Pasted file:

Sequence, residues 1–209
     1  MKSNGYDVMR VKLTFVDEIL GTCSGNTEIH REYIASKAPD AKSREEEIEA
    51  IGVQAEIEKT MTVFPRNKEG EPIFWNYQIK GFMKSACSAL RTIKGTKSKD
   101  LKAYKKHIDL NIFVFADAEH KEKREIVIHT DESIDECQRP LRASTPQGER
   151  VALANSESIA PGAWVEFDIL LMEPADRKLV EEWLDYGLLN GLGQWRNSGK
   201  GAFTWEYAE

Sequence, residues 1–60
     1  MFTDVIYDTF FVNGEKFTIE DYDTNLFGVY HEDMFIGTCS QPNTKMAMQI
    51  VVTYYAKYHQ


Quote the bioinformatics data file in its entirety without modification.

Sequence, residues 1–209
     1  MKSNGYDVMR VKLTFVDEIL GTCSGNTEIH REYIASKAPD AKSREEEIEA
    51  IGVQAEIEKT MTVFPRNKEG EPIFWNYQIK GFMKSACSAL RTIKGTKSKD
   101  LKAYKKHIDL NIFVFADAEH KEKREIVIHT DESIDECQRP LRASTPQGER
   151  VALANSESIA PGAWVEFDIL LMEPADRKLV EEWLDYGLLN GLGQWRNSGK
   201  GAFTWEYAE

Sequence, residues 1–60
     1  MFTDVIYDTF FVNGEKFTIE DYDTNLFGVY HEDMFIGTCS QPNTKMAMQI
    51  VVTYYAKYHQ